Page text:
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The Three Most Popular Theories of Banksy's Identity
Artstyle 28 Jan 2022

The Three Most Popular Theories of Banksy's Identity

An activist , provocative, anti-capitalist and mysterious street artist, Banksy is the most popular graffiti artist of our century. He fascinates us by his ability to remain anonymous, despite countless frescoes he has painted in public places. Since the 90’s, he has been covering walls all over the world, without ever having been unmasked. One after the other, we speculate that he is Paul Horner, Richard Pfeiffer, Robin Banks, Thierry Guetta. But none any of these presumed identities seem to be plausible and Banksy’s identity remains secret. And to confuse the matter further, the artist enjoys putting obstacles in the way of those who pretend to be detectives! But which theories are the most credible? Artsper has conducted the investigation for you.

The most far-fetched theory

In September 2020, a tweet posted by “Scouseman” resounded around the world.  Could we have found Banksy’s identity? The lucky one named was Neil Buchanan, the presenter of the show Art Attack, broadcast in the 1990s on Disney Channel. Very popular with children, Buchanan taught on screen how to make art with everyday objects. Despite the lack of convincing evidence and immediate denials from Buchanan’s official website, fans loved this theory.

Such an identity has the merit of anchoring Banksy in his role of guru. As a teacher of easy and self-made artistic methods during our childhood, Buchanan highlights the societal drifts under our now adult eyes. As a kind of benevolent guide, his influences stretch a whole generation. But at the risk of disappointing you, this is certainly the least credible theory about Banksy’s true identity.

Banksy's identity, Banksy, Falling shopper, 2011
Banksy, Falling shopper, 2011

The coolest theory on Banksy’s identity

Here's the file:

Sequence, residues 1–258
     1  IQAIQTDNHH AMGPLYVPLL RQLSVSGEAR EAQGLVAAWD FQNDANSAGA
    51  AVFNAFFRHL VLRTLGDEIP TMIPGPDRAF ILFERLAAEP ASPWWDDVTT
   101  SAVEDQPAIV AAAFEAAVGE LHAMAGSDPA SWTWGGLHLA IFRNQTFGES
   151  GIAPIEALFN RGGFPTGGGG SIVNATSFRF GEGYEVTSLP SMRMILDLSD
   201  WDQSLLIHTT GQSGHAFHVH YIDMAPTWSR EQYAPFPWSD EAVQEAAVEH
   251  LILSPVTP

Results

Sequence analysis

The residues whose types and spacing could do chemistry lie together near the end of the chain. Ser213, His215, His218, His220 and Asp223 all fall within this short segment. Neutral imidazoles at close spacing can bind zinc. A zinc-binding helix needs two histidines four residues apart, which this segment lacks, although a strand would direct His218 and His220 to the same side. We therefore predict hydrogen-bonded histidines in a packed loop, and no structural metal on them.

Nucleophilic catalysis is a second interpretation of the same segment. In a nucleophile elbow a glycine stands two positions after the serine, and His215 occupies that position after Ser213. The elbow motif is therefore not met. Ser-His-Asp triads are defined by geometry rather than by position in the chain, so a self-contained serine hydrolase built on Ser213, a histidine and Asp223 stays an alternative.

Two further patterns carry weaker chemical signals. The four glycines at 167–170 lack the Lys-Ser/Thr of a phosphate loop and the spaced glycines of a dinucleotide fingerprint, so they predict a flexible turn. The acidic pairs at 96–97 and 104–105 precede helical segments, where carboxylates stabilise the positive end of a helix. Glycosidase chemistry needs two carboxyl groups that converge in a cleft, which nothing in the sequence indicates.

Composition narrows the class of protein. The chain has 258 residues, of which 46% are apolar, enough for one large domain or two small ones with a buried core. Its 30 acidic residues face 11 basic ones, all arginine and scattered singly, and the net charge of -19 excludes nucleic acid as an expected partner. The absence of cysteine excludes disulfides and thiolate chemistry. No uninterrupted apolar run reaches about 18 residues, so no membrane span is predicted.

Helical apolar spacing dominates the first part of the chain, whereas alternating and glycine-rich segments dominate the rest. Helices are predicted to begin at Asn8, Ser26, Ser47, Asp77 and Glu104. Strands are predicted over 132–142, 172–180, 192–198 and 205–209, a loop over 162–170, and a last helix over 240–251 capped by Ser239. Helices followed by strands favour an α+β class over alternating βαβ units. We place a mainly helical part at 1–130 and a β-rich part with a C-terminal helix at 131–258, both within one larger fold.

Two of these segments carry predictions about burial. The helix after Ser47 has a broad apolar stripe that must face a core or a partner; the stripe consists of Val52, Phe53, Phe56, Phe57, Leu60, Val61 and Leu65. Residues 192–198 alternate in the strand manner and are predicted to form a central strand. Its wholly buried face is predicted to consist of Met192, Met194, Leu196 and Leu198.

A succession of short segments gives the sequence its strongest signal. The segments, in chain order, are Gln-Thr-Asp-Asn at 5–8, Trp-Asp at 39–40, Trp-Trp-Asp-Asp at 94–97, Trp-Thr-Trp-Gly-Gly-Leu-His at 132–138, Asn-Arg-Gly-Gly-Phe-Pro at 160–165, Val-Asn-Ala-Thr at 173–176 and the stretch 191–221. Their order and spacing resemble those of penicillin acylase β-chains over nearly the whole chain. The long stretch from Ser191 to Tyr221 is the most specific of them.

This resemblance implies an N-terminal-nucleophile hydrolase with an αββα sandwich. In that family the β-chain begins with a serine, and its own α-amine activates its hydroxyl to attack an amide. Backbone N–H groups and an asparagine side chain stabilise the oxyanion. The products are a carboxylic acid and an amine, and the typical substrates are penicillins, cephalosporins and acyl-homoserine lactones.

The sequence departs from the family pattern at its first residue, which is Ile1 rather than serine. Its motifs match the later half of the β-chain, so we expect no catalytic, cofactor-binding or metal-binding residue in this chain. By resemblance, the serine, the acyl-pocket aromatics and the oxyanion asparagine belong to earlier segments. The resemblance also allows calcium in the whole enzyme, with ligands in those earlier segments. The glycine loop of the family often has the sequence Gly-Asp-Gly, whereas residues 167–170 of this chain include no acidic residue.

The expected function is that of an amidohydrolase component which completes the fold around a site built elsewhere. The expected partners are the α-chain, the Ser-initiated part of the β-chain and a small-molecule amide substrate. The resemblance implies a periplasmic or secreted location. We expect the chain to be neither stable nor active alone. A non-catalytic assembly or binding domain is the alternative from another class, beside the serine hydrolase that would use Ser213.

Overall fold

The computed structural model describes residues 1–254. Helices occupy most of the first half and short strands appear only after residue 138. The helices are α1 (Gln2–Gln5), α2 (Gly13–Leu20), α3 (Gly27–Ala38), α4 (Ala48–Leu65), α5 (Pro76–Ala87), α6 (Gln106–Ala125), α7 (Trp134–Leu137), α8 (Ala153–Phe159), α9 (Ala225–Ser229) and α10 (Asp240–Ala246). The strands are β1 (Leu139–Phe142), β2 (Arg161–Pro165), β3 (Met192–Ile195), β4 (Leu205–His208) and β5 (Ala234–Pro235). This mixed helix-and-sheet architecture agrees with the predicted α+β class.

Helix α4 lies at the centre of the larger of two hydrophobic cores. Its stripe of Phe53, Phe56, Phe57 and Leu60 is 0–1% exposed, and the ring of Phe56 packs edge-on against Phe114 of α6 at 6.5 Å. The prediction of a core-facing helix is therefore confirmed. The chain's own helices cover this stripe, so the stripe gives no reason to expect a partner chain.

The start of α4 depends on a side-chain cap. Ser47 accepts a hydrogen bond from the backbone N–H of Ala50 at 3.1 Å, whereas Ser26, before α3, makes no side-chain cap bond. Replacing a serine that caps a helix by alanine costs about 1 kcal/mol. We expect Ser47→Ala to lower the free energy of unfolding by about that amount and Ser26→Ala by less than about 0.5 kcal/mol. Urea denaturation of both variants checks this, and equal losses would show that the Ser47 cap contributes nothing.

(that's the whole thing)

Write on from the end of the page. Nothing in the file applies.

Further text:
Thanks to the investigation of British journalist Craig Williams another theory emerged in September 2016. According to him, Banksy could be Robert Del Naja, leader of the band Massive Attack! At first glance, the theory seems far-fetched, but this new identity of Banksy is actually probable. Indeed, they are said to be friends, both from Bristol and born around the same time.

But what really tickled Craig Williams was the correlation between concert dates and new artworks. Massive Attack performed in Los Angeles in 2006, just one week before the opening of a Banksy exhibition. In 2008, Robert Del Naja made a documentary about Hurricane Katrina, while Banksy covered New Orleans with his stencils. On April 25 and 27, 2010, Massive Attack played in San Francisco. On the morning of May 1st, six works of Bansky appeared around the city. The same goes for Boston and Toronto, where Banksy’s murals overlapped with Massive Attack’s concert dates.

The icing on the cake? Robert Del Naja also has a history as a street artist, dating back to the 1980s. While no clue can be taken for certain, this presumed identity of Banksy once again establishes his genius. Prodigy of street art and music? This theory never ceases to dazzle the imagination.  

Banksy's identity
Banksy, Sweeping It Under The Carpet, 2006

The most probable theory about Banksy’s identity

Also in 2016, thanks to a theory based on a long work of investigation by geographical profiling, a new track appeared. Banksy could be Robin Gunningham, a native and current resident of Bristol. Born in this English city in 1973, he moved to London in the 2000s, which coincides with Banksy’s career path. Even if, once again, no proof is irrefutable, this theory is the most likely regarding the identity of the graffiti artist. With no other hat, no popular past, Gunningham could be this artist so adored by the whole world!

Banksy's identity, Banksy, Game changer, 2020
Banksy, Game changer, 2020

Banksy: one for all, all for one?

Among the many theories concerning Banksy’s identity, there is one that postulates a collective of artists rather than one individual. Quite credible, this theory pushes to its paroxysm the vision of art defended by Banksy. That of a world where the streets belong to everyone, where the walls can be covered by whomever wants to express themselves, where the buildings are just waiting to be painted by its citizens! Is Banksy in your eyes a solitary artist or a small group of talented graffiti artists? And you, what do you think about it?


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